Recent advances in understanding dengue
Yacoub S., Mongkolsapaya J., Screaton G.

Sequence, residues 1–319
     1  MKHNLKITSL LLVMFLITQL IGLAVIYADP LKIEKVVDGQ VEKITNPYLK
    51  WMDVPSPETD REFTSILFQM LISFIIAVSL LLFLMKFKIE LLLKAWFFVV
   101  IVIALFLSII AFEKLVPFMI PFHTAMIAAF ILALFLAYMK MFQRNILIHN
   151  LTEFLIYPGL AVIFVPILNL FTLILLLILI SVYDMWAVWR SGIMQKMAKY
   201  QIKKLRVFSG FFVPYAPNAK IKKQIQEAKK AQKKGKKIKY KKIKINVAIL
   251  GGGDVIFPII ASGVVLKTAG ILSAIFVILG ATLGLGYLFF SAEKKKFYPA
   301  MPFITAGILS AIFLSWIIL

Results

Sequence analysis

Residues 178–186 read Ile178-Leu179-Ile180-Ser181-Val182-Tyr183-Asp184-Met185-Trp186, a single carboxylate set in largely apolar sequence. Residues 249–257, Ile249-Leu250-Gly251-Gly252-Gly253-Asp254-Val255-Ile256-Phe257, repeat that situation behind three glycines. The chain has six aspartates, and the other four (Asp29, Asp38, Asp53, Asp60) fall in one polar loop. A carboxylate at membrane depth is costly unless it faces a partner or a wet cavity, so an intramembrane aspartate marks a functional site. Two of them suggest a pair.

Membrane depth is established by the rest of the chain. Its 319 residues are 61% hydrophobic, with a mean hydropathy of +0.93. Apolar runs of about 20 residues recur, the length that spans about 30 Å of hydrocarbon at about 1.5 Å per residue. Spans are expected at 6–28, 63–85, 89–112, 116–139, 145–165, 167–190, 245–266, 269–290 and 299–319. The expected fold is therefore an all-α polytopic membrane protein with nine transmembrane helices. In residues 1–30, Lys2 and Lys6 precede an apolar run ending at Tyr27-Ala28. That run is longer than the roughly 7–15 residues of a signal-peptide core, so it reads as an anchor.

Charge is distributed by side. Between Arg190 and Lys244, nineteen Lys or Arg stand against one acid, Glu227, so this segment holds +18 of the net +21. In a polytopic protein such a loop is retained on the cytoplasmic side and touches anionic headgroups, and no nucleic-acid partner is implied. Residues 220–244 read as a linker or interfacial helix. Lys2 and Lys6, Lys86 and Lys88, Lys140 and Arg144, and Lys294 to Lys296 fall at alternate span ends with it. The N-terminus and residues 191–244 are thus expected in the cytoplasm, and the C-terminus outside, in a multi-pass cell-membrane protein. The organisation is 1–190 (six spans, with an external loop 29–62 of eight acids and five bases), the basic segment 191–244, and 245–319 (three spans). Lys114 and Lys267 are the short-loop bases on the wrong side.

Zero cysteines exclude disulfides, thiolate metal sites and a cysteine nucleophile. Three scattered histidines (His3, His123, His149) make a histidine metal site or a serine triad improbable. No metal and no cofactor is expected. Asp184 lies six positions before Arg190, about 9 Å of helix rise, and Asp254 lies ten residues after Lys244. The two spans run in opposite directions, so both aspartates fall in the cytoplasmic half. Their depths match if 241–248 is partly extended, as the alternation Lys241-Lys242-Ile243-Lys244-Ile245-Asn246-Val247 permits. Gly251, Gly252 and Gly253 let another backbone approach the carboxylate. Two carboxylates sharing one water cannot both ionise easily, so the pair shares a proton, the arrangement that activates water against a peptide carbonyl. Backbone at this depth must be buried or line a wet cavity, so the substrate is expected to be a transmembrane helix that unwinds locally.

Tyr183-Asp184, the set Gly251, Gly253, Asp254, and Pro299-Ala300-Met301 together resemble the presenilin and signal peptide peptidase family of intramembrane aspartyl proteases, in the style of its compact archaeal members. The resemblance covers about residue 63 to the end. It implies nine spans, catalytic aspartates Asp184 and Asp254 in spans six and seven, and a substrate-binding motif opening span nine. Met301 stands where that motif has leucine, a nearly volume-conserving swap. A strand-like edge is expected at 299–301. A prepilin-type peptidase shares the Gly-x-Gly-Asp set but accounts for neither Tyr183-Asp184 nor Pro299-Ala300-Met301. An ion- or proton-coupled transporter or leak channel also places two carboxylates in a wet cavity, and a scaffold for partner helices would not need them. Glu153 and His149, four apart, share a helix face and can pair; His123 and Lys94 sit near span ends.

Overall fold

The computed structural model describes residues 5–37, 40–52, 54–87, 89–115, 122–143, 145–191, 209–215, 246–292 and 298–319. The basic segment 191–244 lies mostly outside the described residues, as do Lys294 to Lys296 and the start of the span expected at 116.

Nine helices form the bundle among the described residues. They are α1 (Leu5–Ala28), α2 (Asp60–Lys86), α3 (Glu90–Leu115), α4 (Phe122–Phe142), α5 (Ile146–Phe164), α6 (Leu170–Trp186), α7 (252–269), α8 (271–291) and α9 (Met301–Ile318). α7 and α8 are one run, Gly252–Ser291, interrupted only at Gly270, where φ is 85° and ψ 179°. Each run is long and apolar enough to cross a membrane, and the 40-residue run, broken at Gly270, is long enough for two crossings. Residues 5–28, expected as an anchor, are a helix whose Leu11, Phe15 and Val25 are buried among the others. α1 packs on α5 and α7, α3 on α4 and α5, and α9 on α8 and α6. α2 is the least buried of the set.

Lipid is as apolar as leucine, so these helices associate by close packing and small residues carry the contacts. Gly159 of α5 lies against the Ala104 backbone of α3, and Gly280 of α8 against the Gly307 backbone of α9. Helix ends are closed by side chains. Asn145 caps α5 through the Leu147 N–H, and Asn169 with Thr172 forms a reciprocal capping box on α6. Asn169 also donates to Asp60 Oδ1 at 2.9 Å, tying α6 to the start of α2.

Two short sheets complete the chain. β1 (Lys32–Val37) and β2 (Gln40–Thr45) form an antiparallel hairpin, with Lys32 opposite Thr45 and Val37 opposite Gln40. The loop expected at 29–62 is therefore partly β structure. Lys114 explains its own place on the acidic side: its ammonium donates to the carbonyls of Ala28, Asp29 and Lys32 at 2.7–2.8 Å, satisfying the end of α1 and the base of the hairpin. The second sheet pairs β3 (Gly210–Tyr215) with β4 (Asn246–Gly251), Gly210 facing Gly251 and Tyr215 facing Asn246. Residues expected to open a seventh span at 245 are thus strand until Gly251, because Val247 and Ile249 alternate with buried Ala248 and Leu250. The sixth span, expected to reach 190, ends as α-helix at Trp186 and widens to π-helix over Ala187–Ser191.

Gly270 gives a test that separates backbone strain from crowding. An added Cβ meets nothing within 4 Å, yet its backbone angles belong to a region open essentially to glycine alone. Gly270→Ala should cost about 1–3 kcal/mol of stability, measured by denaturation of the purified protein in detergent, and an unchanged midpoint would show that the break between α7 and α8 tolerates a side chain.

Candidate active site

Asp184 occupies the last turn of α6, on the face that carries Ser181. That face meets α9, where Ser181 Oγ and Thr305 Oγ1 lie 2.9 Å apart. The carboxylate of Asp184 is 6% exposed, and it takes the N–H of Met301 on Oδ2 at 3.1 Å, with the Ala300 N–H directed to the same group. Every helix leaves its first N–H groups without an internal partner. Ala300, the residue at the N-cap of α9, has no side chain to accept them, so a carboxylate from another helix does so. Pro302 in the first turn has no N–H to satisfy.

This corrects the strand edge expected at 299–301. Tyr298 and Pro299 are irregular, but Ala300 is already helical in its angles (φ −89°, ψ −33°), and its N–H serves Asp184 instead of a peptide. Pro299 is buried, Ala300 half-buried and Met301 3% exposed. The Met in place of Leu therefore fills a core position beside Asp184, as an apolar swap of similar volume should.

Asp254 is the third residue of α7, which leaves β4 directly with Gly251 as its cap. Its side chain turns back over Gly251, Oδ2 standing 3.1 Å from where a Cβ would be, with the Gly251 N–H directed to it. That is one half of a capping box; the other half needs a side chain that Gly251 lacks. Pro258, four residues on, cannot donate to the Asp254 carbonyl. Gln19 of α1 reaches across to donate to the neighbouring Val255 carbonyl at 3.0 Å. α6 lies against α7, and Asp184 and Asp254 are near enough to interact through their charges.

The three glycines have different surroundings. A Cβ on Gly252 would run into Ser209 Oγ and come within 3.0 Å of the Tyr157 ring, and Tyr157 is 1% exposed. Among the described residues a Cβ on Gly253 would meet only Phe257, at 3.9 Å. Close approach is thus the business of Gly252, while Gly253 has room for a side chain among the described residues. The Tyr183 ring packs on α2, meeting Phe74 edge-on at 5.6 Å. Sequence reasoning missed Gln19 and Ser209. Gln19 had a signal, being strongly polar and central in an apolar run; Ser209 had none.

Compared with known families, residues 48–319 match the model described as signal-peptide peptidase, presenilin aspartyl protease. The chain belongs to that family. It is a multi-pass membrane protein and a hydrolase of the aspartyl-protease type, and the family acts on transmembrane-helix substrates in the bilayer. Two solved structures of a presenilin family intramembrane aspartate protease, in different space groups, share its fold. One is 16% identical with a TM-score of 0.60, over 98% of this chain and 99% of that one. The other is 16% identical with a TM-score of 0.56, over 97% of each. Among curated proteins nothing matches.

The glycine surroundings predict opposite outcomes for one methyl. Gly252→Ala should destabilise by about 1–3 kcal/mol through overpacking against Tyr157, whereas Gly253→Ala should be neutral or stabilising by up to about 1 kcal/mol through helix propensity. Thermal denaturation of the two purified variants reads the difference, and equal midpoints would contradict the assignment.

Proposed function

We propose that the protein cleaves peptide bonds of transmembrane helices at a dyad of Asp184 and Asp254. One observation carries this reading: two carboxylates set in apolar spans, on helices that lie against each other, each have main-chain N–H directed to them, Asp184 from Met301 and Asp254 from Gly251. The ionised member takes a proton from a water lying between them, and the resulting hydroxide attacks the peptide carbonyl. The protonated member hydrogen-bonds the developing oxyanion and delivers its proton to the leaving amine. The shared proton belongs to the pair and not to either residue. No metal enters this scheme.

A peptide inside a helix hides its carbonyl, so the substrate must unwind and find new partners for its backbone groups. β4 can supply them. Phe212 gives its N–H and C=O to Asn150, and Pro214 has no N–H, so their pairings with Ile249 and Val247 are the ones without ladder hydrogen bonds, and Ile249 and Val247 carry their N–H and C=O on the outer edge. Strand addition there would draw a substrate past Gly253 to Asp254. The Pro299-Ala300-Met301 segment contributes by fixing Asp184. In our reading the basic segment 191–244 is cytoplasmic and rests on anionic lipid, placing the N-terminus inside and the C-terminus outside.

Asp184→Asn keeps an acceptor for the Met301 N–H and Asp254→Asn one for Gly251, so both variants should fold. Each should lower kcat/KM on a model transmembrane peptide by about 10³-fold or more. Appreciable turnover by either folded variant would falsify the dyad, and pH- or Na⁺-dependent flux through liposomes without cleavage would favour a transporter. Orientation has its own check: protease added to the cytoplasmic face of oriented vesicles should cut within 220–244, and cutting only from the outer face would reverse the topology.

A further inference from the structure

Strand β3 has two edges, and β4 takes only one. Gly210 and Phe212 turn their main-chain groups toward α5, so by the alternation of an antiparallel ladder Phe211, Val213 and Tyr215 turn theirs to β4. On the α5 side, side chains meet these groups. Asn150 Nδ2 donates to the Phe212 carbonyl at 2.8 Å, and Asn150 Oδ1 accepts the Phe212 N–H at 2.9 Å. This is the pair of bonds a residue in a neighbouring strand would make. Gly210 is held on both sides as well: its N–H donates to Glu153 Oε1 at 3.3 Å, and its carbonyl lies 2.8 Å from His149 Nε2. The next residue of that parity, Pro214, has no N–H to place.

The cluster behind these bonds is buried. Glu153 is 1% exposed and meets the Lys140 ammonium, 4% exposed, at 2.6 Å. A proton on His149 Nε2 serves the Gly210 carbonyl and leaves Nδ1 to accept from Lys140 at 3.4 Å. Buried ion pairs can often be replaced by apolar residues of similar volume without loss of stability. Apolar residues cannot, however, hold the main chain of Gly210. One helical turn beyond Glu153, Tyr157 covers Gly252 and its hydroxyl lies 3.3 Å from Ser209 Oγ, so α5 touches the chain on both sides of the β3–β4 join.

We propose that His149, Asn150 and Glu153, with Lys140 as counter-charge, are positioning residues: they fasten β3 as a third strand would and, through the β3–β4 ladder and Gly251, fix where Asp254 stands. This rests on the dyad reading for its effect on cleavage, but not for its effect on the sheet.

Dengue is an emerging threat to billions of people worldwide. In the last 20 years, the incidence has increased four-fold and this trend appears to be continuing. Caused by one of four viral serotypes, dengue can present as a wide range of clinical phenotypes with the severe end of the spectrum being defined by a syndrome of capillary leak, coagulopathy, and organ impairment. The pathogenesis of severe disease is thought to be in part immune mediated, but the exact mechanisms remain to be defined. The current treatment of dengue relies on supportive measures with no licensed therapeutics available to date. There have been recent advances in our understanding of a number of areas of dengue research, of which the following will be discussed in this review: the drivers behind the global dengue pandemic, viral structure and epitope binding, risk factors for severe disease and its pathogenesis, as well as the findings of recent clinical trials including therapeutics and vaccines. We conclude with current and future dengue control measures and key areas for future research.